Ingredients (serves four)

Milk: 2 cups
Corn starch / Corn flour: 2 tbsp
Sugar: 5 tbsp or more or less to taste
Fruits of choice: chopped
Honey: few tbsp to drizzle on top
Nuts (chopped): according to taste
Vanilla essence: ¾ tsp


Heat about one and a half cups of milk in a vessel and bring it to a boil.
To the remaining half a cup of milk, add cornstarch and mix well to avoid lumps.
Now add this cornstarch-milk mixture to the milk vessel.
Keep the flame on simmer and keep stirring constantly so that no lumps are formed and there is no sticking and scraping business.
When the mixture comes to a boil, add the sugar and let it boil again.
Let it thicken a bit more.
Take the vessel off the flame and add the vanilla essence and stir well.
Cool this mixture. It will thicken further on cooling. (If you dont want it too thick, you need to reduce the quantity of cornstarch.)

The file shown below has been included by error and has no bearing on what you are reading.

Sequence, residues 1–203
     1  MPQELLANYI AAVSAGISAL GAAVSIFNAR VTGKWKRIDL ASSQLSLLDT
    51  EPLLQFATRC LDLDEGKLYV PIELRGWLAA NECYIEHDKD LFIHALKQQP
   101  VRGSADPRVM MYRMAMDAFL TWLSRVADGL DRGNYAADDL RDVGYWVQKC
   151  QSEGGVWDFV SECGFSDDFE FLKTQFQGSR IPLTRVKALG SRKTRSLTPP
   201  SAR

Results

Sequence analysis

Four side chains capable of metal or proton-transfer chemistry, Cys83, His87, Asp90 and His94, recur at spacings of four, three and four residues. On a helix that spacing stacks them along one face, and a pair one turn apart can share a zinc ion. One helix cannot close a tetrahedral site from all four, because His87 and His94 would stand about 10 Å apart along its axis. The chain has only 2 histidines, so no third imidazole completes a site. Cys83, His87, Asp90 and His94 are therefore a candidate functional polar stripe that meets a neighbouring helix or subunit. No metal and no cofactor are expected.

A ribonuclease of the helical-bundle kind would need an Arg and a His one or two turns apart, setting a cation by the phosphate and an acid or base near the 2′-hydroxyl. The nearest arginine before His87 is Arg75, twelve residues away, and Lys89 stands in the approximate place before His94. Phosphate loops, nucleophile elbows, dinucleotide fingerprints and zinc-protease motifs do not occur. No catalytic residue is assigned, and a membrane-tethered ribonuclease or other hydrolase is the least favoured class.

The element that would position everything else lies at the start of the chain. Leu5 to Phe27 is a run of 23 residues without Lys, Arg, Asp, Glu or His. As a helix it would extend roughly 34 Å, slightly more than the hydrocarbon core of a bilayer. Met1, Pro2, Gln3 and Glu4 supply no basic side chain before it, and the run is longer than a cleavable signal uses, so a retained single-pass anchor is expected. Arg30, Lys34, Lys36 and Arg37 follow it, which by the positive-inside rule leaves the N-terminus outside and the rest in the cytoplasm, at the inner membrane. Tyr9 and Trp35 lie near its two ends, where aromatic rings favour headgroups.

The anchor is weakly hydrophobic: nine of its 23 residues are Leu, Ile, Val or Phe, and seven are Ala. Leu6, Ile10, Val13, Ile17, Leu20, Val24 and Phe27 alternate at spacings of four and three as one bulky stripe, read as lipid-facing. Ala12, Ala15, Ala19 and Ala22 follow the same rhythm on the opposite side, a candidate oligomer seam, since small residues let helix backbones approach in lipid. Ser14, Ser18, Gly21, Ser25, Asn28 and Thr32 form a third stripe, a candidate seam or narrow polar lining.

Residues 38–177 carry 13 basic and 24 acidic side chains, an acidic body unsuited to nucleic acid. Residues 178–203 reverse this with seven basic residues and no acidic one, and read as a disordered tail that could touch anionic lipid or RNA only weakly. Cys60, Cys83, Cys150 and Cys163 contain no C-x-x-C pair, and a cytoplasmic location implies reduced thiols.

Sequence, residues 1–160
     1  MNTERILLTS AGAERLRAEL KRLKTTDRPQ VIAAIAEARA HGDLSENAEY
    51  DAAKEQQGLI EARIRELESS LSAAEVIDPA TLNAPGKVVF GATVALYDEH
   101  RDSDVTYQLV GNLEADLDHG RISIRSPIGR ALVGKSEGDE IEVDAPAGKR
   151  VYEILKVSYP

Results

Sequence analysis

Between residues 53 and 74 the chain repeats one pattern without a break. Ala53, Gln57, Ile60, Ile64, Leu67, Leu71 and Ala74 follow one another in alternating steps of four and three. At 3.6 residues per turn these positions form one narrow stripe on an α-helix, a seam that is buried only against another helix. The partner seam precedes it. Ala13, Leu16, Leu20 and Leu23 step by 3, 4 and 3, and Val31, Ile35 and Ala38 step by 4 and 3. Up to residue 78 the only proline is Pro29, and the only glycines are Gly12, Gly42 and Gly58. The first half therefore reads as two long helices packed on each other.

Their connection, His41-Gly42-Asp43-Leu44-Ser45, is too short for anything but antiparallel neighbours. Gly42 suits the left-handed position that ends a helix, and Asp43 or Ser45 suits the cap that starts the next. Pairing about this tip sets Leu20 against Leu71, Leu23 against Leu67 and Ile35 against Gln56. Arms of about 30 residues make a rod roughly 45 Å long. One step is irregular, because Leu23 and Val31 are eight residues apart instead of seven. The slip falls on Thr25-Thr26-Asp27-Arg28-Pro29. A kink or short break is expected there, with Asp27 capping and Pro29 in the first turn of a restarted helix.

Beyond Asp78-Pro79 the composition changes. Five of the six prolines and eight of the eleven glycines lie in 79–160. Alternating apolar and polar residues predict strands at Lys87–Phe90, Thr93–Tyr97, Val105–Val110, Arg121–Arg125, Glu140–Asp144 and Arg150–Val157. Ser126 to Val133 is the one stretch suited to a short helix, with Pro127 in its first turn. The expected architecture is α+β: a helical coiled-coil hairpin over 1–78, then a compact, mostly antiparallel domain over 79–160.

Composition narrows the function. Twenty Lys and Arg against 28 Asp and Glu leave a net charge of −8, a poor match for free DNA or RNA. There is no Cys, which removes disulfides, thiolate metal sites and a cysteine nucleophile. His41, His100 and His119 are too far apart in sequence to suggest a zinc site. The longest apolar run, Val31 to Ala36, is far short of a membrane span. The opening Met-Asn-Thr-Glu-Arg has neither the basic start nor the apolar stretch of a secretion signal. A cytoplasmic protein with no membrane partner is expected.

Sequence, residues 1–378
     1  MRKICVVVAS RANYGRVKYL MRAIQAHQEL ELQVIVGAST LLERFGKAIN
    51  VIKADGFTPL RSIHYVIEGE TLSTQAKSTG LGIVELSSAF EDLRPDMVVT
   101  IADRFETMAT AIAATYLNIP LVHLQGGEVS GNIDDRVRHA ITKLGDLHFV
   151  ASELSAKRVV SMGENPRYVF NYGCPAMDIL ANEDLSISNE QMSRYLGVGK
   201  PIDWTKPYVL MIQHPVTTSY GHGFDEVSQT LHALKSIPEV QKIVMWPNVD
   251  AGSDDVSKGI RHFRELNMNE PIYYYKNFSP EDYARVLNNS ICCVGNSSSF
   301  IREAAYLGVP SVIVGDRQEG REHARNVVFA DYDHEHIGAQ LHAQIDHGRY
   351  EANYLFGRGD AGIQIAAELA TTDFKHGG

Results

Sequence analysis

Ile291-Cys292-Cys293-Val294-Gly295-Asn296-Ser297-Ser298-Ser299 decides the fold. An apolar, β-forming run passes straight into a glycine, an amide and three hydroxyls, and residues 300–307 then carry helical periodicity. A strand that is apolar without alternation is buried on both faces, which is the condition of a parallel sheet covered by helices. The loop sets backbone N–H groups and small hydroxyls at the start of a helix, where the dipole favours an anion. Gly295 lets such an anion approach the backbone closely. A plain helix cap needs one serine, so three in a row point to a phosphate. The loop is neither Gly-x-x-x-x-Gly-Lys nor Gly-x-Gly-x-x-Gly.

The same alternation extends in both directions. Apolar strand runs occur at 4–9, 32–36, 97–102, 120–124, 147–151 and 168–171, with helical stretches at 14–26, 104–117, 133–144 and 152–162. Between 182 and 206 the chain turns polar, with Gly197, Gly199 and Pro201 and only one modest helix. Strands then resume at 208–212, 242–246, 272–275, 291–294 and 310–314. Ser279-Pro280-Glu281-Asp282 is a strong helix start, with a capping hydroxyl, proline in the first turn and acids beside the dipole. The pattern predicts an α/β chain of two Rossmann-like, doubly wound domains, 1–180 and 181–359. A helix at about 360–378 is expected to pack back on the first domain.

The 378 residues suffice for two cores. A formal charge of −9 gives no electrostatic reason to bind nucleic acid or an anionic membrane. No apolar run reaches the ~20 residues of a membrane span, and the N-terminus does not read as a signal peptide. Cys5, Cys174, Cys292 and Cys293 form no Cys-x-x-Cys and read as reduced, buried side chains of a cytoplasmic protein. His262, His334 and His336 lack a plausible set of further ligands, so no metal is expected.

Once it reaches room temperature, chill in the fridge for 2 – 3 hours.
Chop the fruits and assemble them in serving cups.
Pour the custard mixture over it.
Drizzle some honey over it.
Garnish with nuts and serve chilled.

Since this recipe is from a bookmark, this eggless vanilla custard with chopped fruits goes to ‘Bookmarked Recipes – Every Tuesday’ event by Priya Mitharwal.

Thursday, September 23, 2010

Oatmeal Date Raisin Peda

I see a little irony here. This is my first participation in this marathon food blogging event ‘Sugar High Fridays’ and my entry for this event has no sugar or its sweet cousins in any direct form. Nevertheless, it is sweet because of all the dates and raisins it is loaded with. Hence, this oatmeal-date-raisin peda rightfully qualifies to be a part of this great event ‘Sugar High Fridays – Bite Size Desserts’ hosted by Aparna, one of my favourite bloggers.